Big Data Plus Customization: A New Era for the Music Industry

April 24, 2014
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ImageBig data has turned the music industry on it’s head, changing the business model entirely. 

Just as eight tracks were to records and CDs to cassette tapes, online music streaming has completely changed how people purchase their music.

ImageBig data has turned the music industry on it’s head, changing the business model entirely. 

Just as eight tracks were to records and CDs to cassette tapes, online music streaming has completely changed how people purchase their music.

Spotify, Pandora, iHeart Radio and many others have drastically altered music distribution and artist discovery, customizing the experience for users based on their on-platform behaviors and song preferences. And they do this via big data.

In fact, Spotify’s entire business is based on big data. Each day, around 600 GB of data is created by Spotify users as they listen and share songs, create playlists and use in-platform apps like Tunigo. Spotify then pulls from its 20+ million song library and tailors music discovery for individual users. 

Further, their recent acquisition of music intelligence company Echo Nest only proves that Spotify is invested in big data — for its customization abilities, and the loyalty such customization breeds.

Of course, with the surge of digital streaming technologies, the industry has been forced to look elsewhere for serious revenue — and festivals and concerts provide.

Spanning almost every genre imaginable, thousands of fans annually flock to LollapaloozaSXSWCoachellaUltra and so many others. And that expectation of customization comes with them. 

This is where our on and offline lives are beginning to merge — and identity data via social media connects the dots between who you are online and what you want to see offline. As far as music tech goes, no one company knows that better than SXSW.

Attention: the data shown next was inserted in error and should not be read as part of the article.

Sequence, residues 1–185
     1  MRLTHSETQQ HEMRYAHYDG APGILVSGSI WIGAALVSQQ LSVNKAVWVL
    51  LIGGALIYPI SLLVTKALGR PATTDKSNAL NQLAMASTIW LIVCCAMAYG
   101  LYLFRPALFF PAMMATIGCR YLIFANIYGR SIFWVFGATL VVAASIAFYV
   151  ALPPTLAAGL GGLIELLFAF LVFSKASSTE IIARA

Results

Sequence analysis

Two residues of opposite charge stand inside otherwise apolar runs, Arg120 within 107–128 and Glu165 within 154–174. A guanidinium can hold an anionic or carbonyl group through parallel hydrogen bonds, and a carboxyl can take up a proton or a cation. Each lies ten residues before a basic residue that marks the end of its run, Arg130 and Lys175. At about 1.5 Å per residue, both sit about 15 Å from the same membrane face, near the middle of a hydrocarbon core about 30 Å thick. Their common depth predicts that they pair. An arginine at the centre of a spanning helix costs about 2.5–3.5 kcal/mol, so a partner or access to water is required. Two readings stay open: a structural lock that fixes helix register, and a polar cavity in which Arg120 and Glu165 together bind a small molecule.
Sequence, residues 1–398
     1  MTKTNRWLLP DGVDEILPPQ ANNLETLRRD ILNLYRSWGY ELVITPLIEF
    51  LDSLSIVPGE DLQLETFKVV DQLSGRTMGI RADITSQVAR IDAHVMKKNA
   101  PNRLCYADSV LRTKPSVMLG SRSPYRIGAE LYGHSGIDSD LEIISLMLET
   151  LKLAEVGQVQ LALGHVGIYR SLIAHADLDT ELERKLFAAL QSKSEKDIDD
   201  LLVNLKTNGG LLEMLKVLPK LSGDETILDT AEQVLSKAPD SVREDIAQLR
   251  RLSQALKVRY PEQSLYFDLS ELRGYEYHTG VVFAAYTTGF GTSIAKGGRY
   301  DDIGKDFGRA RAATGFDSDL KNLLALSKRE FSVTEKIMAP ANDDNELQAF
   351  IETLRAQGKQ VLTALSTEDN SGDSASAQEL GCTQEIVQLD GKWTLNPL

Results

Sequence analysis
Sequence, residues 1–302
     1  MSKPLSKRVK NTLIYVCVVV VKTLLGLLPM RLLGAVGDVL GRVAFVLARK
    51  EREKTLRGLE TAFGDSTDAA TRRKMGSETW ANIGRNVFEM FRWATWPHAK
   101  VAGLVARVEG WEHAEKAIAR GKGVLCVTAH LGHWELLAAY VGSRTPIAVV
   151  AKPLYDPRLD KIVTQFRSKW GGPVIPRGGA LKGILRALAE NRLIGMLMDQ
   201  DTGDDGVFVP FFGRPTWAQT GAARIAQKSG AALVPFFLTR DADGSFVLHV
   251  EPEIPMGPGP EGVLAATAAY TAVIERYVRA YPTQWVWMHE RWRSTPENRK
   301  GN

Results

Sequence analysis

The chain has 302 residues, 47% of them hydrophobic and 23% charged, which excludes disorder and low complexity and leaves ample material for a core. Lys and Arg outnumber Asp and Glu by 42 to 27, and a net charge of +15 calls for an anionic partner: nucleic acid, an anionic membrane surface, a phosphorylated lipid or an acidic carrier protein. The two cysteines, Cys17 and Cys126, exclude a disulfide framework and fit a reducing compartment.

Attracting more than 30,000 people each year and putting on more than 2,000 official and unofficial shows, SXSW employees have a lot of people doing a lot of things in a very small amount of time. Figuring out how to impress and delight them among the brand chatter is key to keeping those audiences coming back.

“How we’re looking at data and finding out who our community is really drives to the heart of what we’re trying to do with SXSW to make it successful,” said Scott Wilcox, director of technology at SXSW, in an interview with Umbel. “Which is to serve the community that’s attracted to SXSW, and to be able to give them relevant information and opportunities related to their interests.”

Customization is driving high music industry loyalty among the brands that deeply invest in the technology to power such individualization. That technology includes identity data collection, showcasing digital brand affinities (including bands, retail and food and beverage vendors). With such information, the ability to pull the most audience-relevant brands to an event becomes simply a data-backed decision. And one that produces ROIs similar to the music industry’s CD-driven golden age. This time, it’s just smarter.